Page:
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20 February 2020, 17:44 | Updated: 20 February 2020, 18:09
A leading composer has criticised the UK’s post-Brexit immigration laws, which will restrict the movement of EU artists to the UK, subjecting them to the same rules as their non-EU peers.
The Home Office has announced that as of January 2021, EU touring artists and their crews will require visas to perform in the UK.
Declared on Tuesday in a policy paper about the country’s new points-based system, the announcement means musicians, entertainers and sports players will no longer be able to travel to the UK without a Tier 5 visa or work permit – impacting on many of the country’s concerts, cultural events and festivals.
English composer Howard Goodall criticised the move, telling Classic FM: “Our cultural life will be diminished and our currently thriving music industry shackled by these counter-productive new immigration rules.
“Our musical heritage has been immeasurably enriched by creative exchange with artists from all over the world, especially our closest neighbours. This is the result of a retrogressive, mean-spirited agenda.”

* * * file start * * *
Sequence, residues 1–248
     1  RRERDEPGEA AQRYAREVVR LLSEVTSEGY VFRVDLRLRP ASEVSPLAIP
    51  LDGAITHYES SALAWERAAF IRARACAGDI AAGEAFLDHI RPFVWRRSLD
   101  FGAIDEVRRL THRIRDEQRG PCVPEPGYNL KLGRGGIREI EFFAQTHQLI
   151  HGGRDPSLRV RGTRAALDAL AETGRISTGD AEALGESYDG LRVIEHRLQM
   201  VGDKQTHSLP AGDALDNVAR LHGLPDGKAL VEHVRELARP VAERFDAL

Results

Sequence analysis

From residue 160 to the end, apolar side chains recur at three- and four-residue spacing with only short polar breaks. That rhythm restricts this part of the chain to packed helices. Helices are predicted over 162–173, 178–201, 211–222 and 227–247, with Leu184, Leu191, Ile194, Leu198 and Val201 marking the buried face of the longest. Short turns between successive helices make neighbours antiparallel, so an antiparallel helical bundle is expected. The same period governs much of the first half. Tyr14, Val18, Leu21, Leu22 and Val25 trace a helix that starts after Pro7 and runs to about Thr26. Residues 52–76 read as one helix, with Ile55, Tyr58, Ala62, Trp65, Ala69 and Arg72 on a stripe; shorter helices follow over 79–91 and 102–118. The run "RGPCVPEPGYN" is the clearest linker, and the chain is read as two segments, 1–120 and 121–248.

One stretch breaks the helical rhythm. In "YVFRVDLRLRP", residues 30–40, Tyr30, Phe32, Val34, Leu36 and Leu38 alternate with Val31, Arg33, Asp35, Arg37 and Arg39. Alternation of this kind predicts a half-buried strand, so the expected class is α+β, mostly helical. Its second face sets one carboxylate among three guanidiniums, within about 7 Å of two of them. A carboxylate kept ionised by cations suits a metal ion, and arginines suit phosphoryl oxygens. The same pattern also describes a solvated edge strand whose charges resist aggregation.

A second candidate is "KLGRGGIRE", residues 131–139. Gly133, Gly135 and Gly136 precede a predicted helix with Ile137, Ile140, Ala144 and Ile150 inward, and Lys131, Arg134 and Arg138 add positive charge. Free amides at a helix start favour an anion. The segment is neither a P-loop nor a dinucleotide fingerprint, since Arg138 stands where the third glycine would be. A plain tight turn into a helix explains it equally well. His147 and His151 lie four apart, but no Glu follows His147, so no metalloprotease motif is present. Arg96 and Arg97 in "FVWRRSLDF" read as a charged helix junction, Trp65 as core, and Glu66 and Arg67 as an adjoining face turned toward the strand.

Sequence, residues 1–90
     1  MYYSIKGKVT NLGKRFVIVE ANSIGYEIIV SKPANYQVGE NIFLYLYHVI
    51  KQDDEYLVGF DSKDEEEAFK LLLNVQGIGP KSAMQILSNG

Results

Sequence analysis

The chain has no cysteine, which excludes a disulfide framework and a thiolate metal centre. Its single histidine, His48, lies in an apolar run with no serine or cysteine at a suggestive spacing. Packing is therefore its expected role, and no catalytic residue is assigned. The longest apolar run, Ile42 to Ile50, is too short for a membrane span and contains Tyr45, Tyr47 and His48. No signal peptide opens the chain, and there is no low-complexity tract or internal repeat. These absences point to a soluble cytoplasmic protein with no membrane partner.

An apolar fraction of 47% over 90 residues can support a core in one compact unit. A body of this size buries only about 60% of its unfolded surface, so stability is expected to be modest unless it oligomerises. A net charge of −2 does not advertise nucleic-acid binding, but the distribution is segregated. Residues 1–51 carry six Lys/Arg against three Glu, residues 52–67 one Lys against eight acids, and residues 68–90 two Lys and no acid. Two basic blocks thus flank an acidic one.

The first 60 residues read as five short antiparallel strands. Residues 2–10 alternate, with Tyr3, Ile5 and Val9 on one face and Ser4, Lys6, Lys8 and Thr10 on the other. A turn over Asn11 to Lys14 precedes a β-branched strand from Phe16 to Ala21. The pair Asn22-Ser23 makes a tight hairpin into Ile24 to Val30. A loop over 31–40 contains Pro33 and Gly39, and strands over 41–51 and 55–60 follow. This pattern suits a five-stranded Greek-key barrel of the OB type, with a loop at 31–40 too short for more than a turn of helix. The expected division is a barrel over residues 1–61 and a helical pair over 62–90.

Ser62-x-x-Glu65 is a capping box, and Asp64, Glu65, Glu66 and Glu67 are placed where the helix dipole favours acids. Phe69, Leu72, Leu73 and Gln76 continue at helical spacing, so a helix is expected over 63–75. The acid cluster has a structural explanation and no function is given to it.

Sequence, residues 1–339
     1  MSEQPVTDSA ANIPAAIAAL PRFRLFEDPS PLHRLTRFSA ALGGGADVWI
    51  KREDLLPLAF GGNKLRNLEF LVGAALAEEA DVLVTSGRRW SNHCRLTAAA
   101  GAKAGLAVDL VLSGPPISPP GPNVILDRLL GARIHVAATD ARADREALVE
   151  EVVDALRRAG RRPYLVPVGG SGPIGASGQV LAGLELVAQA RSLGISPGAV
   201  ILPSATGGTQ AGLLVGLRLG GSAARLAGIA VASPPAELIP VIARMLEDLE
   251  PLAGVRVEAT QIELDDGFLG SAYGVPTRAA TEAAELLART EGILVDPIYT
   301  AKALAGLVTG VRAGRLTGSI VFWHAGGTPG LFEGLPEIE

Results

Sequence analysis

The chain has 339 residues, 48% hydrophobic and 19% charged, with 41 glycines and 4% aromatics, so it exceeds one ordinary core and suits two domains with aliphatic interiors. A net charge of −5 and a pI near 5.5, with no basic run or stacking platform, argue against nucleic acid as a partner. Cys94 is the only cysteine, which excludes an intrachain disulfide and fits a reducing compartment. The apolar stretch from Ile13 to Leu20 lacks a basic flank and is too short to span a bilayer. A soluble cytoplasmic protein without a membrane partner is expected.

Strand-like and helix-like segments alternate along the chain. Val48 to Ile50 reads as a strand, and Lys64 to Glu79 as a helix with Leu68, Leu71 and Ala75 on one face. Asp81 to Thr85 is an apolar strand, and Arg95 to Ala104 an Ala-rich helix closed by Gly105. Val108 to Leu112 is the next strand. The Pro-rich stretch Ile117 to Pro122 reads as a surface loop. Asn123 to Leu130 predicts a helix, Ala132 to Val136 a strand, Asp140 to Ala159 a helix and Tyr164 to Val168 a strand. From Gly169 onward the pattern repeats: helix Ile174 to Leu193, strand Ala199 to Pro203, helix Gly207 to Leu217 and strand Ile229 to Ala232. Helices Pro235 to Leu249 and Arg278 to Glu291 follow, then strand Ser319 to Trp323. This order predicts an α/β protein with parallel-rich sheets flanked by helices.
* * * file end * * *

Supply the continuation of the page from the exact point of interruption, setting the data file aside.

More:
He added: “Just think, if the Brexit Government’s new points-system for immigration had been in operation in the 20th century, we’d have been spared the terrible burden to our economy and culture of Freddie Mercury, Sade, Joan Armatrading, Rita Ora, Katie Melua, Emeli Sandé and George Michael.”
Goodall also took to Twitter on Tuesday to share his blog on the new policy, as well as a petition backing a ‘Musicians’ Passport’ for musicians working in the EU post-Brexit:
I have written a blog about this, if its subject - what happens to musicians, singers, touring artists & bands after 1st January next year - may be of interest or concern to you. https://t.co/GJgqOsJ35W https://t.co/3vk7xQY0yB— Howard Goodall (@Howard_Goodall) February 18, 2020
The Musicians’ Passport poses an affordable way for artists to travel freely for two years across all EU member states. It would also rid them of the need to apply for other permits, and cover road crew, technicians and other staff necessary for them to do their job.
As it stands under the new policy, free movement for musicians and other artists from the EU will end on 31 December.
The new policy is also expected to affect a number of other UK industries including construction, social care, the NHS, university scientists, tech and farming.
Deborah Annetts, Chief Executive of the Incorporated Society of Musicians said they are “deeply disappointed” by the decision. “The value of the creative industries has been proven once again by the Government’s own figures – growing at more than five times the rate of the wider UK economy and generating almost £13m per hour.
“The creative industries are worth in excess of £111bn [a year]. We would ask the UK Government to reconsider our call for a two-year, multi-entry visa.”
The Former Minister of State in the Department for Digital, Culture, Media and Sport Nigel Adams MP added: “touring is absolutely the lifeblood of the industry”.